Aim: To assess the effect of smoking uptake on body mass index (BMI), waist circumference and height during adolescence.
Design: Five-year longitudinal study.
Setting: Thirty-six schools in South London, England, selected by a stratified random sampling procedure designed to ensure ethnic and socio-economic diversity.
Participants: A total of 5863 students took part in the HABITS (Health and Behaviour in Teenagers) Study between 1999 and 2003.
Measurements: Self-reported smoking behaviour, saliva cotinine concentrations and measured weight, waist circumference and height were obtained, along with information on gender, ethnicity, socio-economic deprivation, pubertal status, self-reported exercise and dieting. Students were examined annually from school year 7 (ages 11-12) to year 11 (ages 15-16), with response rates ranging from 74 to 84%. A total of 2665 never smokers at year 7 with complete data for years 7 and 11 were included in the analyses.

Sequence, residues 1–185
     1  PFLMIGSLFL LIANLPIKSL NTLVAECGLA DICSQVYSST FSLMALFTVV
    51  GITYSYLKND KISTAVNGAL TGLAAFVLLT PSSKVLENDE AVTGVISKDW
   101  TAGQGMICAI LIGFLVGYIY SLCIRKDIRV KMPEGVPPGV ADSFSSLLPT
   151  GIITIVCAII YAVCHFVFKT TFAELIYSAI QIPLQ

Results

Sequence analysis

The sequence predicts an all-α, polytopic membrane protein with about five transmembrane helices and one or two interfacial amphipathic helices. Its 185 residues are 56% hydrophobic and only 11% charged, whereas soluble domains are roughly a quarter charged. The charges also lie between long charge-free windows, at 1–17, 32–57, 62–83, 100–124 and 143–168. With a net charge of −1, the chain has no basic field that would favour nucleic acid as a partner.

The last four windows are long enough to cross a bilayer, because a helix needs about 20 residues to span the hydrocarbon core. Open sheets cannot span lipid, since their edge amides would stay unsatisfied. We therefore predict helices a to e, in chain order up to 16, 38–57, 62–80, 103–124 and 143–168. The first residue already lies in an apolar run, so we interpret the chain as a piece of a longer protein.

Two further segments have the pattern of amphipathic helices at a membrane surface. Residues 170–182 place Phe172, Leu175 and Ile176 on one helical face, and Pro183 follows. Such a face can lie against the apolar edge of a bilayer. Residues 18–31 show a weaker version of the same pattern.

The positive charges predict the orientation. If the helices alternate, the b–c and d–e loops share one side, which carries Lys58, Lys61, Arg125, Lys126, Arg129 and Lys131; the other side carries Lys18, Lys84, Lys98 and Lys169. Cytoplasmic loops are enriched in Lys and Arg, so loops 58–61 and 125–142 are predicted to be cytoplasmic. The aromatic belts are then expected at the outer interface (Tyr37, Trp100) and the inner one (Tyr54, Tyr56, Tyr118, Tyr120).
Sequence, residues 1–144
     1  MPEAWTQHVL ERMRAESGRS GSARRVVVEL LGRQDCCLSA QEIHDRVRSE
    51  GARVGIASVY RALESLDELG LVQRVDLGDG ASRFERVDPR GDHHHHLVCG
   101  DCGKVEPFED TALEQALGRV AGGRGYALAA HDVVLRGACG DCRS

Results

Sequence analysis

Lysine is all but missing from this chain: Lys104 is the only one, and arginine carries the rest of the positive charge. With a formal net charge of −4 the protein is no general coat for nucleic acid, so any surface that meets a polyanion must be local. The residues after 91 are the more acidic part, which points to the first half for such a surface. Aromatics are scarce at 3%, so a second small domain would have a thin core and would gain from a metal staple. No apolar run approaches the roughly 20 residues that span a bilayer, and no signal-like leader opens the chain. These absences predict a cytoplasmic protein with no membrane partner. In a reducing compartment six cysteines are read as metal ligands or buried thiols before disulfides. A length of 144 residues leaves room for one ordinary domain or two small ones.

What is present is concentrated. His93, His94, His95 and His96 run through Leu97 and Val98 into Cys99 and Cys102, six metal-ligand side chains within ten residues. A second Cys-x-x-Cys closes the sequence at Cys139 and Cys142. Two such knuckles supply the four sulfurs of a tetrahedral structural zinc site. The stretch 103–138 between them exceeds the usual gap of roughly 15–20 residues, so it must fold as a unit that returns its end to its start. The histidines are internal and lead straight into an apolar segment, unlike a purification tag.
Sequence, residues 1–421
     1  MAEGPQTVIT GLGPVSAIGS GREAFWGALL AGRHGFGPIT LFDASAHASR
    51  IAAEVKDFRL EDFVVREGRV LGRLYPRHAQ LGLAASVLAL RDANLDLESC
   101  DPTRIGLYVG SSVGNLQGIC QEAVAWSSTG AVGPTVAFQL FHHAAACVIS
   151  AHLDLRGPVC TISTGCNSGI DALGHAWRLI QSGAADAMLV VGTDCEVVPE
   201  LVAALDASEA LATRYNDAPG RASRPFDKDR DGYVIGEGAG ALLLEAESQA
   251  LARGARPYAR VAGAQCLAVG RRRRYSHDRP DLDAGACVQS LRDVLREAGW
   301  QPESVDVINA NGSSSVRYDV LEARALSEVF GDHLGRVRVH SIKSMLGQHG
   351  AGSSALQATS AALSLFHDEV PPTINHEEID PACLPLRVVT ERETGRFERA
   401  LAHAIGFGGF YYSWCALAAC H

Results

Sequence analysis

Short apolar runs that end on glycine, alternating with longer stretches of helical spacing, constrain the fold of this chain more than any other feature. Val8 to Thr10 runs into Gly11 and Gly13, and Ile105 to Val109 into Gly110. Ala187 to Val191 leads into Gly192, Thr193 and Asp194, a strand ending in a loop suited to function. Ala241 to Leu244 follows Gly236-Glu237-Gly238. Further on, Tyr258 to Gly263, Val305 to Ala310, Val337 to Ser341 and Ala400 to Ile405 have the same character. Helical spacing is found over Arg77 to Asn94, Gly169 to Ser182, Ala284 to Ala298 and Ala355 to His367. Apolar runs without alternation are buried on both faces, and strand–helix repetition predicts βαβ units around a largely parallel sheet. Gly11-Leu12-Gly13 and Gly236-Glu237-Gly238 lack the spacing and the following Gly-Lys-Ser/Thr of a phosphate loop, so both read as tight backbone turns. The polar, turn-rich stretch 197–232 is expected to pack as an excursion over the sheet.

Findings: Adjusting for year 7 BMI and other potential confounders, regular smokers (more than six cigarettes a week) at year 11 had significantly lower BMI (P = 0.002) than other students. Smokers defined by a cotinine above 15 ng/ml also had lower BMI (P < 0.0001). Waist circumferences were lower in regular smokers (P = 0.014) and cotinine-defined smokers (P < 0.011). No consistent association was found between smoking and height. The adjusted difference in weight between regular smokers and other students amounted to 1.8 kg (95% CI, 0.52-3.17) for an average-height student.
Conclusion: Taking up regular smoking during adolescence may result in a lower BMI, but the effect is small and of uncertain significance.